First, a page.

In fact, changing my mind is the most difficult task I can ask of myself. Because I don’t quit. Maybe I fail sometimes but quitting means I didn’t even try. And that’s the weak choice. At least that’s the logic my brain spent 24 years perfecting. When I broke it down, though, I realized what I was really telling myself: Being miserable was better than being… (weak, a quitter, a failure, etc.). I was telling myself I didn’t deserve the kind of joy and peace I had missed out on for weeks as I unhappily dragged myself toward what I told people I was doing next without stopping to consider if it still made sense.

I spent a couple weeks shaking from crying so hard night-after-night stuck in overwhelming feelings I spent daylight hours trying to avoid. I couldn’t sleep or eat. I was holding too tightly to everything and everyone around me out of fear and anxiety. Yet I still kept telling myself those same lies that somehow this was strength. Pushing forward with a decision that no longer felt right or brought any kind of joy only because I told people and myself I would.

The best advice I’ve ever gotten was actually me eavesdropping on a conversation between my dad and my sister where he told her at any given point all you can do is make the decision that’s right for you at that moment without worrying about past or future decisions. There’s a fallacy I learned in economics called the “sunk cost fallacy,” where we basically stick with something because of what we have already spent on it. But past costs can never be retrieved, whereas potential future losses can be avoided. I think about that fallacy in terms of life. I sometimes limit myself to decisions I’ve already made with a similar idea of sticking with what I’ve already spent time, energy, prayers on without weighing the future gains versus losses. Similarly, I sometimes get so caught up in seeing the big picture and planning too far in the future to focus on what makes sense right now in the moment right in front of me. So, when I notice myself trying to make decisions based off the past or the future, I remind myself of my dad’s advice.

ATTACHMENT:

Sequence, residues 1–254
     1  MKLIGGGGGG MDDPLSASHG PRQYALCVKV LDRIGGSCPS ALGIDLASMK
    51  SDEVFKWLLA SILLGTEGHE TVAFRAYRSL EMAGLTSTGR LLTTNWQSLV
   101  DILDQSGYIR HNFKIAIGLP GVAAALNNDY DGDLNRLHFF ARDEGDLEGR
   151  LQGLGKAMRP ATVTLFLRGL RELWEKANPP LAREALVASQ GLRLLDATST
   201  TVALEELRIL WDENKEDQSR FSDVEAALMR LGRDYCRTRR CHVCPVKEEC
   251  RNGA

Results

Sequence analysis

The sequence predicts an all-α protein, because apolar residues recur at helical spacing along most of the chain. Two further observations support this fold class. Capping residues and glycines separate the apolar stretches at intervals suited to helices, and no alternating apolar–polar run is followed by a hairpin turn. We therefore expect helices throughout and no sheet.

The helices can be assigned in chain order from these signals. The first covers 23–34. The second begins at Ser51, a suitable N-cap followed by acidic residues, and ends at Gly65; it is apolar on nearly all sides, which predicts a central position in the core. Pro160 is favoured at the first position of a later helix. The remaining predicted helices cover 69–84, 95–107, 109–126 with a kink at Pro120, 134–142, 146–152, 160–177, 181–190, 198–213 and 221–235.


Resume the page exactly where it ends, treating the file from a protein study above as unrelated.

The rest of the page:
Or as a very emo Anna in Frozen 2 would say, “Do the next right thing.”

My therapist asked me once if I’m bad at giving myself choices. When she said it, I immediately knew the answer was yes. But I didn’t fully get what it meant until I sat on the edge of my bathtub at 1am one night paralyzed and overwhelmed by the feeling of being so stuck all I wanted was to escape into the nether, so I could take a break from the real world. I stood by my sink brushing my teeth and talking to God when the floodgates opened. They didn’t close again for an hour probably. I felt like I had no free will or control over my own path. I couldn’t see another way than the one I had chosen to walk down a year ago. Even though, I still had so many options in front of me, I couldn’t see them because I am bad at giving myself choices. I am bad at changing my mind.